Falklands Police Chief reviews first 5 months in the job
It is now five months since Gary Finchett took up post as Chief Police Officer in the Falklands. Mr Finchett is also the Falkland Islands Government™s Director of Community Safety, with responsibility for the overall direction of the Royal Falkland Islands Police, the Customs & Immigration Service, the Fire & Rescue Service and the Falkland Islands Defence Force. He holds the statutory roles of Principal Immigration Officer and Officer in charge of Stanley Prison. The primary purpose of these combined services is to ensure the continuing safety of the people who live in, work in and visit the Falklands Islands.
Prior to joining the Falklands Islands Government Mr Finchett served for 31 years as a police officer in the Cheshire Constabulary in the UK. He rose to the rank of Chief Superintendent as Area Commander for Warrington, Widnes and Runcorn. Mr Finchett said he was attracted to the newly-created position of Director of Community Safety by the diversity of the role, and he saw opportunities for the various services to work even closer together and make them more effective under a single directorate.
Mr Finchett noted: œAlready, Heads of Service have found substantial efficiency savings without reducing the level of service provided to the public and this work needs to continue to ensure were are as effective as we can be, bearing in mind public finances are extremely tight.
On his impressions of the Falklands, Mr Finchett commented: œI was also enticed by the thought of working in such a special place with its unique history, unparalleled scenery and diverse wildlife. You can see why so many people choose to live, visit and work in these wonderful Islands. My initial views of the Falkland Islands after 5 months here is that it is a spectacular and fascinating place. There is, literally, nowhere else like it on earth. People are extremely resilient, self sufficient and look out for each other here.
Focusing on policing issues, Mr Finchett said: œPeople here feel safe and have every right to do so as serious crime is very rare and with the support of the community we identify and deal with offenders quickly. However, there can be no room for complacency regarding community safety and my priorities for the police include increasing public confidence in the service, responding effectively to people when they are in need, preventing and investigating crime and disorder, protecting vulnerable people and effectively managing serious incidents. Police officers will specifically be concentrating on reducing the number of serious and fatal road traffic collisions, reducing crime and repeat incidents of anti-social behaviour and increasing the volume of crimes detected.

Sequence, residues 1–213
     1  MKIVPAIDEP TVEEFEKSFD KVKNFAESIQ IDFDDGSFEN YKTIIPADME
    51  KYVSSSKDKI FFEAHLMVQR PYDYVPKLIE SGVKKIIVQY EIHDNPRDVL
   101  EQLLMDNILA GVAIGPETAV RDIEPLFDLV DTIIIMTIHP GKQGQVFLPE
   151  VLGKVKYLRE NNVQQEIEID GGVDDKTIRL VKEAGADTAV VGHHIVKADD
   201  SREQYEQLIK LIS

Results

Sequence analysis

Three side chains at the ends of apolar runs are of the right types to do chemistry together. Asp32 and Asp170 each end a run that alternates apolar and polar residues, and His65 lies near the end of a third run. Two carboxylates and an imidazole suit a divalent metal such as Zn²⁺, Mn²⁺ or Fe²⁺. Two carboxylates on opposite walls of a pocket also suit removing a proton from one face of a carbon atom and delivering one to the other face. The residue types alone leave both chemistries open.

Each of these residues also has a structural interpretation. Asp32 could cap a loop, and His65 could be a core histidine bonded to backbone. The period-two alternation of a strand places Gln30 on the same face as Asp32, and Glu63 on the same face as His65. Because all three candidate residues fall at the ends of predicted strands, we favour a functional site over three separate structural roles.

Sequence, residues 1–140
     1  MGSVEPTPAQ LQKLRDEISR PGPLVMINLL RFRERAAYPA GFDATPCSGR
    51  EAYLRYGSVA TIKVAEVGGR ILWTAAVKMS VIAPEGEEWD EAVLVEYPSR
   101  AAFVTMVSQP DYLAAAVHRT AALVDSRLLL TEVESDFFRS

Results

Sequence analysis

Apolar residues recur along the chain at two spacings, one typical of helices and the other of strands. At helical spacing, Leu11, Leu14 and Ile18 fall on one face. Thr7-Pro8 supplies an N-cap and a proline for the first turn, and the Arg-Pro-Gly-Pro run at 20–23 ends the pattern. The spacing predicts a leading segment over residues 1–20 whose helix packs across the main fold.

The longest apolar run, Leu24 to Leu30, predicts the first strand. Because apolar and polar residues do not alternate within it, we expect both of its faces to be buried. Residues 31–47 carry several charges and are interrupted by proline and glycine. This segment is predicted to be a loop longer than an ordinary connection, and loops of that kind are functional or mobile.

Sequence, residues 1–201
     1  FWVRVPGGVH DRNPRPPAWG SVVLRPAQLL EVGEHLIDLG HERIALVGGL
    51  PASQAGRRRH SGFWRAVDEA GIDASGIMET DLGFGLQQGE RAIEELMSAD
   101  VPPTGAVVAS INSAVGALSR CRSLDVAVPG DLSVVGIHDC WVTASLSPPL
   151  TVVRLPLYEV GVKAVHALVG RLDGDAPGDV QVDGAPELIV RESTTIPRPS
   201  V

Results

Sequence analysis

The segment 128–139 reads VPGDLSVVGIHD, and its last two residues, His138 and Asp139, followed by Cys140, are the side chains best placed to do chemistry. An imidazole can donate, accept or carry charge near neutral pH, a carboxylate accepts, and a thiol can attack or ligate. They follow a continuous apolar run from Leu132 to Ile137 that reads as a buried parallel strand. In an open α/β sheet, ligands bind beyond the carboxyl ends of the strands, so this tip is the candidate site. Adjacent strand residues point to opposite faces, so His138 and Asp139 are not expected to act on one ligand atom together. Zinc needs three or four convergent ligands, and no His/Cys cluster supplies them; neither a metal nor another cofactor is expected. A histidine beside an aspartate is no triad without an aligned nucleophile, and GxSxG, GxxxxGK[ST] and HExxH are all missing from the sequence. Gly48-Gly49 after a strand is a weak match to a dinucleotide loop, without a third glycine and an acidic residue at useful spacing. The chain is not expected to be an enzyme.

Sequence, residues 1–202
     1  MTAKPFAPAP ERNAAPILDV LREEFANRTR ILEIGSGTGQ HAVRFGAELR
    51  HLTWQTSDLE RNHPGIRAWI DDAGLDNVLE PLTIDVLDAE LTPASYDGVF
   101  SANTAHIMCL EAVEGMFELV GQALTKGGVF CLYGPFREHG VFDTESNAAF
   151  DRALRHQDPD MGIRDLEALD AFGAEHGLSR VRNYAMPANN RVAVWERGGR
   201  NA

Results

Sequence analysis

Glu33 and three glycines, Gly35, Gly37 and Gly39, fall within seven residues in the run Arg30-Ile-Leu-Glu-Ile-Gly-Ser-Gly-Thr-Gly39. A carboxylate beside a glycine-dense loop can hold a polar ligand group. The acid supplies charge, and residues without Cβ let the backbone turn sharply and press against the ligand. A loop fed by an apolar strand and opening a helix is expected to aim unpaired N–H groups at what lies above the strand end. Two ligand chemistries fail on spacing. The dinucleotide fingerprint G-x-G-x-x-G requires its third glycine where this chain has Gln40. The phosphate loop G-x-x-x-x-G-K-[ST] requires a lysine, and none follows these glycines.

The public are urged by Mr Finchett to help the police and other emergency services to make the Falkland Islands even safer by reporting crime and suspicious incidents, and by taking personal responsibility for their own safety and that of others. This includes driving at slower speeds and wearing a seatbelt at all times, enjoying alcohol responsibly, letting someone know when travelling in remote areas, and carrying some means of communication where practicable.
The Hon Gavin Short, MLA, who has portfolio responsibility for the various departments within the Community Safety portfolio, said: œIn his own very quiet way Gary has transformed the Royal Falkland Islands Police into a happy and fully-functioning unit which is visible and approachable. I am also very impressed at how quickly Gary has got a handle on the functioning of the other three departments for which he has responsibility, although I am pleased to say that in each case he has been fortunate to take on well run departments headed by dedicated staff.
In a message aimed at the rural population in The Wool Press, the monthly magazine published by the Department of Agriculture, Mr Finchett said that he will be continuing his visits to isolated settlements and would be interested to hear everyone™s views œon what we can do together to make the Falkland Islands even safer.
Outside work, Mr Finchett who lives in East Stanley with his partner Alison “ a nurse, enjoys walking their two dogs, music, photography and visiting Camp. He is a keen motorcyclist having ridden across most of Europe and also to the Arctic Circle in aid of Hope House Children™s Hospices in the UK which he describes as a œfantastic experience.
For more information please contact Claudette Prior, Media Liaison Office, Falkland Islands Government at tel. +500 27451 or email firstname.lastname@example.org.